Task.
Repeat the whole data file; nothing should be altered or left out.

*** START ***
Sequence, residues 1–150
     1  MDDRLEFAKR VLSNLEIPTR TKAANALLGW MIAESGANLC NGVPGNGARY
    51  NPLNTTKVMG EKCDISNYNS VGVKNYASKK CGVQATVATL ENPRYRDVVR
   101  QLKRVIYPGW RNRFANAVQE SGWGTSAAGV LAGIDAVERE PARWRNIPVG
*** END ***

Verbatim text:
Sequence, residues 1–150
     1  MDDRLEFAKR VLSNLEIPTR TKAANALLGW MIAESGANLC NGVPGNGARY
    51  NPLNTTKVMG EKCDISNYNS VGVKNYASKK CGVQATVATL ENPRYRDVVR
   101  QLKRVIYPGW RNRFANAVQE SGWGTSAAGV LAGIDAVERE PARWRNIPVG